For me, there is no joy at the average supermarket. The whole experience is a chore. First off, the lighting gives me a headache. Second, there's the complete disregard of the seasons. Sorry, but offering me Bing cherries in the middle of winter gives my whole body the NO feeling. Then there's the sushi bar with "authentic" sushi chefs situated next to the end cap of Flaming Hot Cheetos on sale. There's no connection to anything that makes sense to me from start to finish. There are plenty of other reasons I could cite here that are much more alarming and unnatural but I'll save you the grief. It's alienating and sad. I get in, buy my paper products and get out.
That said, let me take you back to an experience I had in Los Angeles many years ago. I was aimlessly wandering the streets of Santa Monica, when I stumbled upon a farmers' market. Being from Chicago, this was a completely new experience for me: street upon street laid out with incredible produce the likes of which I'd never seen; I remember tasting multiple varieties of avocado and citrus I never knew existed. I had conversations with some of the growers. I sampled delicious, locally made food products. I ogled crazy-gorgeous varieties of dahlias and orchids. The day was warm, the people were friendly, the colors, smells and tastes were abundant and all of a sudden, I started to cry. I was so supremely happy. I never knew shopping could be so beautiful. For me, it was one of those "This Must Be The Place," moments, and it changed me forever.
This is one of my most passionate causes; If I had one column to write, one urgent message that might change some people's lives for the better, this would be it. I urge you to seek out your local farmers' market. You will eat better than you ever have in your life. I want to convince you to make this a priority. I set one whole morning aside each week to visit my favorite market. It's my absolute greatest pleasure.
Your local farmers' market is where you will find the most beautiful, wonderful tasting, alive, fresh foods you can possibly get your hands on. If you're used to eating bagged, flavorless lettuce or those "baby" carrots that were picked about three months before you bought them, shipped from approximately a thousand miles away and extruded through a machine, your mind is about to be blown. Not to mention you'll be meeting the people who are growing your food and doing something good for the environment and your local economy.
In addition to fruits and vegetables, my favorite farmers' market also sells incredible local cheeses, unhomogenized milk that is night and day from grocery store milk, breads and pastries from local food artisans, and fresh pasta made from local, organic ingredients.
I think it's fair to say that farmers' markets might be intimidating to some people. Here are some tips to put you at ease if you're a first-timer:
1. First, take a walk around the market and see what everyone is selling. Let yourself take it all in. See what looks best to you and see whose faces and spaces you're naturally drawn to. You should feel no pressure to buy until you're ready. That's not to say farmers don't get excited about their product -- they might chat you up, but I've never felt coerced into buying anything and neither should you.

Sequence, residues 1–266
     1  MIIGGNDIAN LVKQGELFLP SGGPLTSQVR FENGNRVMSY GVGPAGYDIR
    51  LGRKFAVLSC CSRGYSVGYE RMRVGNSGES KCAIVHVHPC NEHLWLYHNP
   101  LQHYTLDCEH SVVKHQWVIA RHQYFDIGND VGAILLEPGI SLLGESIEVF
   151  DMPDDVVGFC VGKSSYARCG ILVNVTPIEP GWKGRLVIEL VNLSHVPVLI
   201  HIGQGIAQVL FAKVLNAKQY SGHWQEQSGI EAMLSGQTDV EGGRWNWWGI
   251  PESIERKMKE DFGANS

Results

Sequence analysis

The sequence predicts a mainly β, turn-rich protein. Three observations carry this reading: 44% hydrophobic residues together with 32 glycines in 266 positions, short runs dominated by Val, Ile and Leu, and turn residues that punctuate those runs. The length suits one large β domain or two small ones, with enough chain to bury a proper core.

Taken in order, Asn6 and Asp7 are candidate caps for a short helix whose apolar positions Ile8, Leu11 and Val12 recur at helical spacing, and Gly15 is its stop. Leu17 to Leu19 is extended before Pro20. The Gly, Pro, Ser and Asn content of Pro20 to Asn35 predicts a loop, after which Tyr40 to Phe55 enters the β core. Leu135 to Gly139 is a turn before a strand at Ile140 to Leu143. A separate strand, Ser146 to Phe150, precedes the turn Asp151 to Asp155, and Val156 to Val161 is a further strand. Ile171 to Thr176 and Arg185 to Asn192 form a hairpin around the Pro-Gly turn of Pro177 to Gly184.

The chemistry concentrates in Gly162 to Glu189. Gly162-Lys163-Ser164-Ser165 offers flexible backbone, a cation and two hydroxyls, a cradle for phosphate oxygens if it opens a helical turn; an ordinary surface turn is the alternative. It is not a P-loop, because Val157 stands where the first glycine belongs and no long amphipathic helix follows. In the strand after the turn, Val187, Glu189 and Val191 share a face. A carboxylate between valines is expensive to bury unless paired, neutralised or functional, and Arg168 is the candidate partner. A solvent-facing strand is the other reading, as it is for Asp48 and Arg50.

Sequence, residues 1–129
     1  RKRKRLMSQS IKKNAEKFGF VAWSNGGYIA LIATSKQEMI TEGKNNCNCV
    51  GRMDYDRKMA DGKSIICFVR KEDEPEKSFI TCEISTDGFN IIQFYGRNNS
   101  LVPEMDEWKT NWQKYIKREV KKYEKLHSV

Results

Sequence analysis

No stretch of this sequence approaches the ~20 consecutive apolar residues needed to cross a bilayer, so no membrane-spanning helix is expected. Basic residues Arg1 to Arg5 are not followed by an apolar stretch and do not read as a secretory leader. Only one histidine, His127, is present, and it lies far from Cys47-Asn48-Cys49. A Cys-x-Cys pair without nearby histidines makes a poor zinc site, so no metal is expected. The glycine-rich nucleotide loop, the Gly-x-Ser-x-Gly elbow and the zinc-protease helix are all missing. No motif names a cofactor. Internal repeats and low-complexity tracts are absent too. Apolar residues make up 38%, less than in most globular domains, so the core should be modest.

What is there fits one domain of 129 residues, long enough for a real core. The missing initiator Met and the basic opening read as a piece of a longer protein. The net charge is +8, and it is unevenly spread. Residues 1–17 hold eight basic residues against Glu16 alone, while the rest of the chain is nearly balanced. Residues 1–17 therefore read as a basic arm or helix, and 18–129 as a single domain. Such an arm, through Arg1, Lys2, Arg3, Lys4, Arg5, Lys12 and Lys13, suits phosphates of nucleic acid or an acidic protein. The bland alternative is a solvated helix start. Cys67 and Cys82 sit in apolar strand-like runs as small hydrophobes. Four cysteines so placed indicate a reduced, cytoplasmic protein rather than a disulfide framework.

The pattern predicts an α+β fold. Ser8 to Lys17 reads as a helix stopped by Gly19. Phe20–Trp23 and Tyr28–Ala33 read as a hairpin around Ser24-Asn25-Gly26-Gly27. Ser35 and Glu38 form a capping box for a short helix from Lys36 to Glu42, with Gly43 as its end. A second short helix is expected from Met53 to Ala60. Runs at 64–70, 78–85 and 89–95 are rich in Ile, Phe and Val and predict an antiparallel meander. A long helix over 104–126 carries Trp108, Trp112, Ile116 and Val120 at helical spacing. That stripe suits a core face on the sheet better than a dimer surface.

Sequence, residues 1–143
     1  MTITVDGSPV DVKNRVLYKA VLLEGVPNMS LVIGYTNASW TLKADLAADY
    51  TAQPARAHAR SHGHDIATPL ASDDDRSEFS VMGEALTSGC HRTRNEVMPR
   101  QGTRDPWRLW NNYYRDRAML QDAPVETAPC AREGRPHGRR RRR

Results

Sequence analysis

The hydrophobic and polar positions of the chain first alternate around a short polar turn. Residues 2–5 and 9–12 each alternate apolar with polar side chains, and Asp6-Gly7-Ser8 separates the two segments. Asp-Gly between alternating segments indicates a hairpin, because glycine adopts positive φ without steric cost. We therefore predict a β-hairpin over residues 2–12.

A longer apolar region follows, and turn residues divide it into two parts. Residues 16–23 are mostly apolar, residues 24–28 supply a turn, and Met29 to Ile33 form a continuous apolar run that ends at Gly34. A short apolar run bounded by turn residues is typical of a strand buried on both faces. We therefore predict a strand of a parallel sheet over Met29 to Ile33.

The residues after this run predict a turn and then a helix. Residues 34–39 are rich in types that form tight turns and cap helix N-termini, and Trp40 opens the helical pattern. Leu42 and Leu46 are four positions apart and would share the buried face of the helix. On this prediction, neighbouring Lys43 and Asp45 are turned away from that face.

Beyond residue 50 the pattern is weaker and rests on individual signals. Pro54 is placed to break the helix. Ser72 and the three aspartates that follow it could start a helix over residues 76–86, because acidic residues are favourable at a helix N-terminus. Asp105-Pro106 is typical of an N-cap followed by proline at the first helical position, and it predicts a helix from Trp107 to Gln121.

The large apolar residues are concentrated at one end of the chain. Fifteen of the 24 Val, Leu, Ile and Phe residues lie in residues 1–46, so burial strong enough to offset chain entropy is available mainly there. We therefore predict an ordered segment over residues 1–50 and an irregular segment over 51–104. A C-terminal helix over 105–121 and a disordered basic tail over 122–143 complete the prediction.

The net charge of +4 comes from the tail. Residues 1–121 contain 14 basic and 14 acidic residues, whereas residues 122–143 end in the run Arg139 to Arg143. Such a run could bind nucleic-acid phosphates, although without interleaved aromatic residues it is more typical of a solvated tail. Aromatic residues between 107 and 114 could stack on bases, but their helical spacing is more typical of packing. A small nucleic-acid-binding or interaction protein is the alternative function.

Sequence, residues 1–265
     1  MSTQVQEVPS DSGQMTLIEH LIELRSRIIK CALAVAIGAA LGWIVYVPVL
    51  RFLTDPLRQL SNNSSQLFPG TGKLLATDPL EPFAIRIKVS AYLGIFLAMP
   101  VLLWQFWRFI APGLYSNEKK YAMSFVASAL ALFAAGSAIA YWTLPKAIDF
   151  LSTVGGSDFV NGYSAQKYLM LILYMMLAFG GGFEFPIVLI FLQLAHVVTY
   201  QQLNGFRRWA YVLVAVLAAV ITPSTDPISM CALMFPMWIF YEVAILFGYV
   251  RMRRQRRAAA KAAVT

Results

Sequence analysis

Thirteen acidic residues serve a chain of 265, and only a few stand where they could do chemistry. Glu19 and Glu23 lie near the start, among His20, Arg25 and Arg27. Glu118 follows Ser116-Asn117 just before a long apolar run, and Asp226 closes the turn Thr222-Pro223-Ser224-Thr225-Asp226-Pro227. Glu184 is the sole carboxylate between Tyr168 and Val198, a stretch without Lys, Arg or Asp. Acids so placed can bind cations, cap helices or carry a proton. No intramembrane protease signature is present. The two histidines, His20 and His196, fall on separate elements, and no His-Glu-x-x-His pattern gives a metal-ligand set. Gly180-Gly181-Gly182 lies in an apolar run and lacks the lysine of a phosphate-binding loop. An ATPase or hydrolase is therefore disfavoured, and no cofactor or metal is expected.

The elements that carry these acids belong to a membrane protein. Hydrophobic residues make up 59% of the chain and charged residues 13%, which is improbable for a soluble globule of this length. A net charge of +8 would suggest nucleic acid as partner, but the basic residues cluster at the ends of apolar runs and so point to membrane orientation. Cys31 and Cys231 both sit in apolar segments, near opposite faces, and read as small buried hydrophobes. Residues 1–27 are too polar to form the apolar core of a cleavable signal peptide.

2. Getting to know the farmers is a gift. I go back to my favorite vendors over and over because it becomes easy and comfortable. I've built authentic relationships with these people and I love to support them. I know a woman who buys her eggs from the farmer who has the most children! That's her feel-good way of supporting them.
3. You may ask to sample anything you like. It's common practice to sample the wares before you buy them. Today I was standing at a stall deciding between pea shoots and micro-greens and one taste made my decision. Just remember, whether you choose to buy or not, to acknowledge the vendor with your gracious thanks.
4. There have been many times I've been completely stumped by some gorgeous vegetable I had no idea how to use. Celery Root was one of them. Ask the farmers -- they know. Oftentimes I've stood around and overheard conversations on how people use this or that. People like to share their knowledge and there is no shame in being a newbie. Always ask and try something new.
5. Every farmers' market is different. Find one that's convenient but moreover find one that moves you; one that can be a happy meeting place for you, your friends and your children. Some are in parking lots, some are in parks, some take up city streets. Some invite you to linger, some don't. Do a little research and visit a few to see what feels like home.
If our lives are measured by the quality of our day-to-day experiences, then by all means, put this one at the top of your list: Find Your Local Farmers' Market!
Plug in your zip code and find farmers' markets, restaurants, CSAs and other food sources closest to you. An invaluable resource.
City of Chicago Farmers' Markets -- more than 20 neighborhoods have their own markets. Find yours.
(c) 2009 Dana Joy Altman, Real Food Rehab, Inc.